Bennett is a former Arizona Secretary of State who was chosen to oversee the audit because of his experience with elections. And until this week he has been defending whatever is going on and blaming the media for spreading falsehoods about it. But something must have happened, and now Bennett is locked out and changing his tune.

Now, exactly one week later, Bennett is saying he is “very concerned” there will be inaccuracy in the count and that throughout the audit he has been very confused as to what procedures were being used to validate the numbers. On Monday, the Republic’s Jen Fifield reported that Bennett had been permanently banned from the audit site by Pullen—allegedly at the Arizona Senate’s behest—but that he would somehow be remaining on to manage the audit without having access to the building. (Bennett did not comment to Fifield.)

As Maricopa County’s Republican supervisors realized weeks ago, it’s long past time to shut down this sham, which Bennett is now forbidden from even attending. Perhaps he should take a hint?

My guess is that the Cyber Ninja is just trying to milk this gig for every penny he can get. I hope when this ever ends, Maricopa County will sue to be reimbursed for the $3 million it will cost to replace voting machines.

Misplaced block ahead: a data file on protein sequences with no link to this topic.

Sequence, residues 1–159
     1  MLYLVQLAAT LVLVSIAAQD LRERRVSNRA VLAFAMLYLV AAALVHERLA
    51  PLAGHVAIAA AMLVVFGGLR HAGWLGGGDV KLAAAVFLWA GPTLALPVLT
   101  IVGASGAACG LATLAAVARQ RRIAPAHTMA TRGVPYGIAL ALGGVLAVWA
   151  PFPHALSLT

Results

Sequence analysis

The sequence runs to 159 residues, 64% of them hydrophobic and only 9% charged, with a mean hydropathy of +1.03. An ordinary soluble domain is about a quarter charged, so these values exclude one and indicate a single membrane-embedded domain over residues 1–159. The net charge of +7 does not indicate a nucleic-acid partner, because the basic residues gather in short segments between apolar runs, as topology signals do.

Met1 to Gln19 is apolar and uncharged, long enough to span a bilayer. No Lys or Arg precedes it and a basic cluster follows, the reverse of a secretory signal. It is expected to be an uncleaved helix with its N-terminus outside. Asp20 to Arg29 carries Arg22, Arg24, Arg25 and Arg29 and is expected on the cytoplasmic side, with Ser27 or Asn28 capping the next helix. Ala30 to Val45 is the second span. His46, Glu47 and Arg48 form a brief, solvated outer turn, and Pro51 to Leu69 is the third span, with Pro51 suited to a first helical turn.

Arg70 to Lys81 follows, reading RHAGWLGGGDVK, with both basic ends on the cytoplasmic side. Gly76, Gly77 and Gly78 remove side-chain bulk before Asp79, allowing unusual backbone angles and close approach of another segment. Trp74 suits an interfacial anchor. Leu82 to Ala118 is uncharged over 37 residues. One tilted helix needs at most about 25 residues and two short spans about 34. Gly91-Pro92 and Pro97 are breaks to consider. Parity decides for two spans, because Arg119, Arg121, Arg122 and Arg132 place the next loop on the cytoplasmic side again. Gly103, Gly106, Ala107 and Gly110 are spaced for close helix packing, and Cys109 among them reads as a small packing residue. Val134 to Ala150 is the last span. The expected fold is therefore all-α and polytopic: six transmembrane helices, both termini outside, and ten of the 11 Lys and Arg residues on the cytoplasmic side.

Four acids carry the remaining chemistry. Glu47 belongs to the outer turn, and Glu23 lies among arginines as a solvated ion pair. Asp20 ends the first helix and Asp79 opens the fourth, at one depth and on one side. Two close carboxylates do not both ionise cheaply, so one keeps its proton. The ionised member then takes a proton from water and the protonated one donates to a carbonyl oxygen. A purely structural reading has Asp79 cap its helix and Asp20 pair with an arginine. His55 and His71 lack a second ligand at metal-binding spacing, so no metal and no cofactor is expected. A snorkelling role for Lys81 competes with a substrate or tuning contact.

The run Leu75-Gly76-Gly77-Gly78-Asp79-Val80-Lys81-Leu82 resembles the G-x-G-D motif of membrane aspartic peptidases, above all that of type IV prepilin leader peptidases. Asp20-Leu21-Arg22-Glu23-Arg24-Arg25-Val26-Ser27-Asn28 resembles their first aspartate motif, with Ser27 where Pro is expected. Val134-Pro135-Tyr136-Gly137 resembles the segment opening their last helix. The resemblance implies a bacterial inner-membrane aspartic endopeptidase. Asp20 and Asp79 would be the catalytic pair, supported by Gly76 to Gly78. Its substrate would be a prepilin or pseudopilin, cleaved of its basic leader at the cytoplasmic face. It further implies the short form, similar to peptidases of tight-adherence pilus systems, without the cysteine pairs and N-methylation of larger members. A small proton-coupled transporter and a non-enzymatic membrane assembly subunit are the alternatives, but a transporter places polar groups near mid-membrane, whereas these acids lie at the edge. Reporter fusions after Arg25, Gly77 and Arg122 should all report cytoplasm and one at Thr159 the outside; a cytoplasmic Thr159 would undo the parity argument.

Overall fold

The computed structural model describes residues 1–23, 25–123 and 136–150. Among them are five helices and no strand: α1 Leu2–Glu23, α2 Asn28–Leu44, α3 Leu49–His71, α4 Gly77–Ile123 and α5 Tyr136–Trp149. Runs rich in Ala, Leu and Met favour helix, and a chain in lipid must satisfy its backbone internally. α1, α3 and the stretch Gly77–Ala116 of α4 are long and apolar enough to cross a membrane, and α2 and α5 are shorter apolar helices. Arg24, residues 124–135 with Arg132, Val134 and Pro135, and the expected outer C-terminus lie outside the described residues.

Here in “covid country,” aka the Fool Me State, Missouri Attorney General Eric Schmitt did indeed file a lawsuit against St. Louis city and county to stop their implementation of new indoor mask mandates. The new mask mandates call for everyone age five and older in St. Louis city and county to wear a mask in indoor public places and on public transportation regardless of vaccination status. And Schmitt steps in to be the voice of the coronavirus.

As mask mandates in St. Louis City and County went into place Monday, Missouri Attorney General Eric Schmitt was quick to file a lawsuit against the elected leaders and health directors of both municipalities, accusing them of ignoring federal guidelines.